“When I started this work of 12 years, I thought everybody was dead — the killers too, and the witnesses. To discover some were alive was like an archaeological excavation,” said filmmaker Claude Lanzmann (right) of his classic “Shoah.” Harvard Film Archive programmer David Pendleton (left) talked to Lanzmann in the Carpenter Center following the screening of “The Karski Report,” a 49-minute film culled from “Shoah” outtakes.

Amanda Swinhart/Harvard Staff Photographer

Arts & Culture

Filmmaker who bore witness to Holocaust

5 min read

‘Shoah’ creator’s dogged interviews drew out Jews, Poles, ex-Nazis

Claude Lanzmann created “Shoah” (1985), that iconic act of cinematic witnessing that decades ago revised the way people view the Holocaust.

Lanzmann, the film’s chain-smoking, tireless interviewer, is 86 now, and his celluloid image is hard to reconcile with the man who visited Harvard for two days last week (March 22 and 23). In events to promote his memoir (“The Patagonian Hare,” freshly translated into English) and to screen his latest film (“The Karski Report,” 2010), he appeared before packed auditoriums looking hunched, florid, and weak from a fever and cough. At each event, “I am sick” were his first words.

But then came the flashing insights, the sharp opinions, and the impatient brushing off of questions he deemed stupid. This is the same tough-minded Claude Lanzmann, after all, who for 12 dogged years pursued the witnesses for “Shoah,” ex-Nazi, Pole, and Jew alike. He also arranged to film much of his work in Poland’s now-placid scenes of old crimes, and he fought to bring order from nearly 300 hours of film, honing it to nine-and-a-half hours.

It was also the same Lanzmann who as a teenager (and a secret Jew) joined the French Resistance; who sometimes hid a revolver in his school uniform; who once escaped arrest (his father saved the day, blazing to the rescue with a Colt pistol); who clamped magazines into a Bren machine gun during an ambush of German troops; and who — as a postwar, cash-poor philosophy student in Paris — once dressed as a parish priest to cadge money for a phony charity.

Why the “hare” in the autobiography’s title? It’s the question with which Peter E. Gordon began his March 22 conversation, and Lanzmann’s answer was immediate. “They are beautiful, they are fast,” he said, adding the word “noble” in the book itself, where he recounts seeing hundreds of the fleet animals on a Patagonian roadway. Lanzmann reminded his audience that “Shoah” includes two brief scenes that lingered on hares, with one crouching to escape under rusting barbed wire at Birkenau. “I like to think,” he wrote of Jews in his gorgeous, lushly detailed book, “that many of my people chose, as I would, to come back as hares.”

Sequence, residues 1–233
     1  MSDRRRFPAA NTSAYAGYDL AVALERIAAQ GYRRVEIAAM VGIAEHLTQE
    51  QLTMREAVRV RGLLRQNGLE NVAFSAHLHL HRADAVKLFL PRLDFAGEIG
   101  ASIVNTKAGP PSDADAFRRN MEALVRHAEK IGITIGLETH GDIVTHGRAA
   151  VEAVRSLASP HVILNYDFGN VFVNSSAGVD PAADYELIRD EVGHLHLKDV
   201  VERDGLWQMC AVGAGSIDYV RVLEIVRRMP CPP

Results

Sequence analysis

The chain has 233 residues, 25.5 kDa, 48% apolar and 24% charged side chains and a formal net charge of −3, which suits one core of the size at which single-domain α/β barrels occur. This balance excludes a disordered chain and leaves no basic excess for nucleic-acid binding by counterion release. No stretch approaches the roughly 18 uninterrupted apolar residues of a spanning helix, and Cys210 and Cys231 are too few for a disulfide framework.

In the film, when the hare slithers under the wire, there is a voice-over by Rudolf Vrba, a Slovak Jew who escaped from the Auschwitz concentration camp after nearly two years of captivity, and who immediately wrote a report that he said could have saved some of those doomed to extermination. He was interviewed for “Shoah,” and was “one of the heroes of the film,” Lanzmann wrote.

Gordon is Harvard’s Amabel B. James Professor of History and moderated the first event, a conversation with his witty, difficult subject in Boylston Hall’s Fong Auditorium.

The lovely landscape of Patagonia reminded the director of a lesson he embraced often after the war — that places are resonant, rife with meaning and memory.

In “Shoah,” the landscape itself is a witness. Long panning shots take in green fields where bodies were burned and bones were pounded into meal with sticks. There are mounds of earth, sloping pathways where naked Jews were harried, heaps of stones from crematoria, placid rivers on which Nazis once fished, and the gravel lot where a castle-like prison had stood. Behind there, long ago, were parked the gas vans that were the original instruments of mass murder. Lanzmann, who began the film’s interviews three decades after the war, was astonished to be “first on the scene of the crime.”

And he was astonished to find anyone involved still alive, he said. “When I started this work of 12 years, I thought everybody was dead — the killers too, and the witnesses. To discover some were alive was like an archaeological excavation.”

The film is not about survivors, said Lanzmann, or about the searing horror images of the Holocaust. (There are none in “Shoah,” “not a single corpse,” he said.) The film is about getting to the heart of the gas chamber — one was so big that 3,000 people could be gassed at once — and to the heart of the unseen. “It took time to find the core of this film,” said Lanzmann, “and the core is the gas chamber.”

As for the film’s human witnesses, including a barber who cut women’s hair as they waited, unknowing, in the gas chamber, he said: “I don’t call them survivors. I call them ghosts.”

Lanzmann touched on his reputation as a harsh interviewer, including the scene in “Shoah” in which he hectors Abraham Bomba, once a barber at Treblinka, to finish his story. There were only five minutes of film left in the camera, Lanzmann said. Besides, in that kind of work, “you can’t expect the fair-play rules of a cricket player.”